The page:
After a patient has stayed in bed for some time, he can get weak in his body and need help when getting out of bed. The carer should consult nursing staff on the technique to lift and transfer a patient. Lifting a patient needs to be done step-by-step. Don’t do it hastily. If the patient is tall, extra care is needed in the lifting process. Apart from making sure that the patient would not get hurt from falling, the carer should also avoid getting hurt or falling with the patient. To avoid overstressing the carer, appropriate transfer tools, such as lifting devices, suspenders, etc. may be used when needed.


Turning the body from time to time


Patients will become weak due to prolonged staying in bed. They can get bed sores easily. It will make them very uncomfortable and bed sores can cause inflammation easily. To avoid bed sores, ripple mattresses, bed cushions, seat cushions, wrist pads, and ankle pads can be used. More importantly, the body must be turned once every two hours, from laying on the side to supine position. If the patient cannot turn his body by himself and needs help from others, you need to consult nursing staff.


Incontinence


If the patient is unable to get up to go to the bathroom, a pail, bedpan or urinal can be used instead. If the patient shows signs of incontinence, the carer can consult the nursing staff on how to deal with the situation. The problem can be alleviated with appropriate arrangements, such as placing the bed near the toilet; keeping the bedpan and the urinal at the bedside, using diapers, and also underpads to separate the bed sheet from the mattress.


Pain


Most of the patients at their final stage can become very worried when pain appears in the body. They can inform the doctor who usually prescribe them with pain killers. If the pain intensifies, making it difficult to sleep or leading a normal life, the patient can be hospitalized for a short period for close observation and control until the pain subsides. Appropriate massaging, applying hot compress (with a towel wrapped in a water bag to avoid scalding) or ice pack to relevant parts can also help relieve the pain. In addition, listen actively to the patient can also help relieve discomfort.


 
Seeking outside help

We understand that many carers are placed under tremendous and continuous pressure, both mentally and physically. Many carers are under the impression that no one else can look after the patient except themselves so that they would struggle to hold on and neglect their own needs. However, if we want the patients to receive the best care continually, carers need to rest and recognise when they need help. Do find the sources below to assist you in providing better care for the patient.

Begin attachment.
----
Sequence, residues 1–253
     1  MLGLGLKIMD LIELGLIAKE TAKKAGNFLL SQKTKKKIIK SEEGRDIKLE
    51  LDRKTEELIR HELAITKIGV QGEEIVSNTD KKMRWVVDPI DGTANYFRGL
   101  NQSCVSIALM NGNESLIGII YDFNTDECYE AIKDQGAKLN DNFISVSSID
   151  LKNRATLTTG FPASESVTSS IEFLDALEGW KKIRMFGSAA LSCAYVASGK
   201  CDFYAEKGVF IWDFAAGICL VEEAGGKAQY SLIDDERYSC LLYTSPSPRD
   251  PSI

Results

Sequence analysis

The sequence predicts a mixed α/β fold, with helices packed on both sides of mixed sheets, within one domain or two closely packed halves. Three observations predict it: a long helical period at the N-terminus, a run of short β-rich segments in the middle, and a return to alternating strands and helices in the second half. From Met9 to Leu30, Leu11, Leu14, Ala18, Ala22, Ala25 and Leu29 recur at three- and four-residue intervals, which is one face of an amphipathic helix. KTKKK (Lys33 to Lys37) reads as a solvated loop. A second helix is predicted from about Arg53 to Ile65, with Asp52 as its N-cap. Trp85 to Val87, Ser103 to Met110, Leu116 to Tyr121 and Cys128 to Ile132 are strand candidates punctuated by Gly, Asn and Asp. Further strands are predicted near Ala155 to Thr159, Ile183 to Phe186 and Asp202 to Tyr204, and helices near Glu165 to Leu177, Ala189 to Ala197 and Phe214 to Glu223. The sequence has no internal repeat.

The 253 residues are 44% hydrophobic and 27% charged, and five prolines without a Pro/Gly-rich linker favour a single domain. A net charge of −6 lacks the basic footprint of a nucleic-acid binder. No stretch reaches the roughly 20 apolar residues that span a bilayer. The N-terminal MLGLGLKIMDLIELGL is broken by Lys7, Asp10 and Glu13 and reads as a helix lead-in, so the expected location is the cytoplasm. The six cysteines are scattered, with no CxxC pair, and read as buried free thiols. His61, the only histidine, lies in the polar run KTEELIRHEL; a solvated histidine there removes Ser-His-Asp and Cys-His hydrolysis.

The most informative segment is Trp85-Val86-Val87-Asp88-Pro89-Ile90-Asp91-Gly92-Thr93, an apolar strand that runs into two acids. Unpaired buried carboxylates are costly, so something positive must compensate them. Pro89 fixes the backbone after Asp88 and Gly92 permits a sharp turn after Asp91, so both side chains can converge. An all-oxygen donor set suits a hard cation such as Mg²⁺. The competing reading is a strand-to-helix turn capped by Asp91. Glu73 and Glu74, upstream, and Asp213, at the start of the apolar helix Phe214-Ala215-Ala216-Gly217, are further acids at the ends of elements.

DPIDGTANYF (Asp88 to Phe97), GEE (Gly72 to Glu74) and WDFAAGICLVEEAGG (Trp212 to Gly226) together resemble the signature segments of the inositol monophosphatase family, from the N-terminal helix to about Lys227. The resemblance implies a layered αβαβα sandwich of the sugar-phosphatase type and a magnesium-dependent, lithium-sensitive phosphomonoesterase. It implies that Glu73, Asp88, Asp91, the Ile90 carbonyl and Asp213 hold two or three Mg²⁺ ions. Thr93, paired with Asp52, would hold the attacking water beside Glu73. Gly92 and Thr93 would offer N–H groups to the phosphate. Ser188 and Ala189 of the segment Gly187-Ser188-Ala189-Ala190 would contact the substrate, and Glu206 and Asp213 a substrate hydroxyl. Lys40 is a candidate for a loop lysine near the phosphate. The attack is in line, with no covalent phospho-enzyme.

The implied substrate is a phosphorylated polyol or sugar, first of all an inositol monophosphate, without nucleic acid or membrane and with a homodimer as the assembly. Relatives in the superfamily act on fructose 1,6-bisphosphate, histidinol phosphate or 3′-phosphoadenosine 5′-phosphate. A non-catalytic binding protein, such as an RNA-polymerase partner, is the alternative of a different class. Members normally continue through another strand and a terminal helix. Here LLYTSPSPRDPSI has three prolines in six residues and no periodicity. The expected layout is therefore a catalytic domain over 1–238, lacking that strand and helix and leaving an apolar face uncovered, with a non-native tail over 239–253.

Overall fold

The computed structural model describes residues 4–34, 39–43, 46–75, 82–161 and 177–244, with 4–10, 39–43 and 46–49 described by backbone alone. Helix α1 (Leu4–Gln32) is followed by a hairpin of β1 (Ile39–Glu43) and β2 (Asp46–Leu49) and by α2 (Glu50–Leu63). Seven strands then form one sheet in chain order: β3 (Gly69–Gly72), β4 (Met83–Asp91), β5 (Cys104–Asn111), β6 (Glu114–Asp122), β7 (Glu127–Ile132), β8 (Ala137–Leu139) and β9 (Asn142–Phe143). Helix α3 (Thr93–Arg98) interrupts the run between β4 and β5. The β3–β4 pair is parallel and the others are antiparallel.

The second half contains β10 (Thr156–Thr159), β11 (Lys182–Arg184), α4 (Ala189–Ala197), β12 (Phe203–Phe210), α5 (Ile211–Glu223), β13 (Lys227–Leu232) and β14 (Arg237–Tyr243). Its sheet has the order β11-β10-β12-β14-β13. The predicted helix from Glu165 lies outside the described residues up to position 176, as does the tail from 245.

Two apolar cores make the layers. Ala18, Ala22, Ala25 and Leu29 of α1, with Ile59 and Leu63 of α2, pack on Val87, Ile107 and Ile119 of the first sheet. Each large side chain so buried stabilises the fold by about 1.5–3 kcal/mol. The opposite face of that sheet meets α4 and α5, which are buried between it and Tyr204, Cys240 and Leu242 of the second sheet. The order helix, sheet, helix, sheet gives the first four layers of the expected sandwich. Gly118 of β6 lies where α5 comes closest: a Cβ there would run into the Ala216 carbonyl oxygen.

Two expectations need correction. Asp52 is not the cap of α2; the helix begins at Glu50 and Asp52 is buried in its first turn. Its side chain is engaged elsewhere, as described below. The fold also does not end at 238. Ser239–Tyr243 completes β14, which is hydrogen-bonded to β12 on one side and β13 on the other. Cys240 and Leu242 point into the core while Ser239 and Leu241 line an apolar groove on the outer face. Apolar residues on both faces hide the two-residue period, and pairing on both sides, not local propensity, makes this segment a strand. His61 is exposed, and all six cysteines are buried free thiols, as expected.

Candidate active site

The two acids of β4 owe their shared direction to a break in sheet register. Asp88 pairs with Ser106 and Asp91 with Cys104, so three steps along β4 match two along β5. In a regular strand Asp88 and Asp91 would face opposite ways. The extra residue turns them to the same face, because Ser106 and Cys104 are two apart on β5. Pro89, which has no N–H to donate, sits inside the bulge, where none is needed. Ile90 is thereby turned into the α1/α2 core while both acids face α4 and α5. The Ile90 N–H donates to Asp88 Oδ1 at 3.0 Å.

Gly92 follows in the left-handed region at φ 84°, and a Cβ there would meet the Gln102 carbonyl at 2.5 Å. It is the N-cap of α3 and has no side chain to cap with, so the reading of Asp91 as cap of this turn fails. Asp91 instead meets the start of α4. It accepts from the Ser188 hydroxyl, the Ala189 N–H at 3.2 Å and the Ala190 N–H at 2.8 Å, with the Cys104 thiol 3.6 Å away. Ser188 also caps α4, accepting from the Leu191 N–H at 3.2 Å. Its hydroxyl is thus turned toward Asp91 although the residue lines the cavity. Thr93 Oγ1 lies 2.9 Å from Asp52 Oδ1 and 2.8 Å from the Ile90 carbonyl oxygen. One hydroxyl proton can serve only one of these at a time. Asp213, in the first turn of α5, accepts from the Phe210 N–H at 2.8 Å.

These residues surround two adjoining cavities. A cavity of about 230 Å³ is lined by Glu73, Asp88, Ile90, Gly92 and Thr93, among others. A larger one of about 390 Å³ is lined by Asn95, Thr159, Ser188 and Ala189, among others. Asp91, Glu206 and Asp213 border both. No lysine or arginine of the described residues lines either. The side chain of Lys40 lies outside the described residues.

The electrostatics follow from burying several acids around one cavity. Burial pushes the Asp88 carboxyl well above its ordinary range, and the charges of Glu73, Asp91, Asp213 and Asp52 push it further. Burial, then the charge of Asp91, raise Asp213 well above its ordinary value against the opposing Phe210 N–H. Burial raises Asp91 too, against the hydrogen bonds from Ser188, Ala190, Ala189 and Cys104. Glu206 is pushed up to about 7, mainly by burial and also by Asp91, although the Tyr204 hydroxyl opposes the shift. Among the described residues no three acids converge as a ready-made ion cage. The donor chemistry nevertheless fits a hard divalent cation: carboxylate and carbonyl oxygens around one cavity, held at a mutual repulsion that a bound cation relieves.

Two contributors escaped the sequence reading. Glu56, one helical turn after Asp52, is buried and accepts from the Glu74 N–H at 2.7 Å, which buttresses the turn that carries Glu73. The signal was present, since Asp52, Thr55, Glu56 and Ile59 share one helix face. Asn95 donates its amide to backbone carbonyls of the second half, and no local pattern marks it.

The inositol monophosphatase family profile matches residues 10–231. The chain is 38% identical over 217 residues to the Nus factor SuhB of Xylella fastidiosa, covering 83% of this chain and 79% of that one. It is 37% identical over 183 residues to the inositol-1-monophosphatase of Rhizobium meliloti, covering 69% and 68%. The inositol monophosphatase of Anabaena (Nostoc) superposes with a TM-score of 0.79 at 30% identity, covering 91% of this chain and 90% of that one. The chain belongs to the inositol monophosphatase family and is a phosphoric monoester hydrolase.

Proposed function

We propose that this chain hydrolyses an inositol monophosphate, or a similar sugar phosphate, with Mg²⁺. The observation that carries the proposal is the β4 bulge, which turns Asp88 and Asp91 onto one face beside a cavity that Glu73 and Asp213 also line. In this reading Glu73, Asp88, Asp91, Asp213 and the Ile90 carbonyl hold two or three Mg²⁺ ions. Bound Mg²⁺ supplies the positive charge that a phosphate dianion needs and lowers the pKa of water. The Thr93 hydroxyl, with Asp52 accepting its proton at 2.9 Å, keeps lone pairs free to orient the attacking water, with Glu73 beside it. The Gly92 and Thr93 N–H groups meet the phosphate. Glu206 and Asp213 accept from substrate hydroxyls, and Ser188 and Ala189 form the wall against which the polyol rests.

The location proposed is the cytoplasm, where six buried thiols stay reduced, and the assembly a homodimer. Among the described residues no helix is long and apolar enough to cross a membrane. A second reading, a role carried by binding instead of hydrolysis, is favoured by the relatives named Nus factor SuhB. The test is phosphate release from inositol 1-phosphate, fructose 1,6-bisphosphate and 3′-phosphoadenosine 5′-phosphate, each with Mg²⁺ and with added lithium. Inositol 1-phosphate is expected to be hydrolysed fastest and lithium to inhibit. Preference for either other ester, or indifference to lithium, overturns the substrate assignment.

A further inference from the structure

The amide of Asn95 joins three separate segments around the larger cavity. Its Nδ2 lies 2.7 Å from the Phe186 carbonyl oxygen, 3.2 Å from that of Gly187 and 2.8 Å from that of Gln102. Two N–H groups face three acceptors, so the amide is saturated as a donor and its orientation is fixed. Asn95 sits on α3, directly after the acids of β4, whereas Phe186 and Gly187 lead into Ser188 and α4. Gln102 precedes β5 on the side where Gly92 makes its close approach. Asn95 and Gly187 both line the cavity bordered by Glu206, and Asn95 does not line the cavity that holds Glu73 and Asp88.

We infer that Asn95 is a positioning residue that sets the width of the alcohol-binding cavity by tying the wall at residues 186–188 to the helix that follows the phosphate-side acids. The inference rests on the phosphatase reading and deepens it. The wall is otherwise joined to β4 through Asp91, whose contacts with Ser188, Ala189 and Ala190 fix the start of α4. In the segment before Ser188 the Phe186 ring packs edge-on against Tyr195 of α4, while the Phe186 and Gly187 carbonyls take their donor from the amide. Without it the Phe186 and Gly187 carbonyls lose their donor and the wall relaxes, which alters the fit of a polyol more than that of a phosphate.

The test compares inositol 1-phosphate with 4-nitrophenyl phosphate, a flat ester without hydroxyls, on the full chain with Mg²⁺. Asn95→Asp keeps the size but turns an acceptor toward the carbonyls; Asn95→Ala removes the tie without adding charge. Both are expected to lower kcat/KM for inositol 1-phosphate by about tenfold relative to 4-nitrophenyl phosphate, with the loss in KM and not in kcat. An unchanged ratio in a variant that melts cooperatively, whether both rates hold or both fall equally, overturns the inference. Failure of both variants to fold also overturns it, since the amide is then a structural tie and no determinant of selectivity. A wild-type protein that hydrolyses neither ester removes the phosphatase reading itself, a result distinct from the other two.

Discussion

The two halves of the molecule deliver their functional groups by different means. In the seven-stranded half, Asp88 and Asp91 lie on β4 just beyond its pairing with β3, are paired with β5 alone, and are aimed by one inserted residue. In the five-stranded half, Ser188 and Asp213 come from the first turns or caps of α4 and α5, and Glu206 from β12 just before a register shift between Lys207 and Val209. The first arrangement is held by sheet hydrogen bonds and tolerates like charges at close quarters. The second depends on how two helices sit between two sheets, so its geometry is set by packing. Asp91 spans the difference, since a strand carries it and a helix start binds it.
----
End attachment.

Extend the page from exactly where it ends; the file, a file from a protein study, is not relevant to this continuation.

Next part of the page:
Outreaching services


Many welfare organizations, social enterprises and private organizations in Hong Kong provide community support services, including  Escort Service Domestic Helpers Rehabilitation Care Personal Care , Shopping and  Delivery Rehabilitative Practice , Accompanying Service and Meals Delivery . These services can be subsidized or self-paying. Some of the service providers will assess the needs of users and design a service plan based on actual needs.
 


Hospitals with hospice care  


The physical condition of patients with terminal illness may fluctuate and deteriorate over time, staying in hospitals with hospice care is a good option.

A hospice hospital is well-equipped, with a peaceful environment and 24-hours special care service, and is skilled in controlling and relieving pain and other symptoms.  Carers should consider this option if the doctor so recommends.  Some hospice hospitals are equipped with kitchen, sitting room, guest rooms and even entertainment facilities. They provide a cosy atmosphere like home.  Hospice hospitals are operated by the Government and voluntary agencies and are usually referred to by the attending doctor.  Some hospice services are door-to-door outreaching services and daytime services.

For more information, please refer to Tung Wah Group of Hospitals - Advanced Care Area Resource booklet.
 


Parting moments
 
Upon passing away, the patient's breathing will be very irregular, but most are calm at this point. Patients will fall into a coma in most cases, sometimes only for a few minutes, but it may last for several days. If a patient appears to have died at home, the carer should stay calm. First, check the patient's pulse, feel their skin; it should be cold to the touch, listen to their breathing through their nostrils, and call the ambulance as soon as possible. Call some family members or friends to keep you company. Whether the patient has passed away or not, it is not advisable to move the patient before the ambulance arrives.
 
If a patient is in a hospice hospital, the medical staff usually notify the family members at the first opportunity. Condolences are most needed at this time. Ensure that all the final arrangements are carried out according to the patient's last wishes so that they can rest in peace.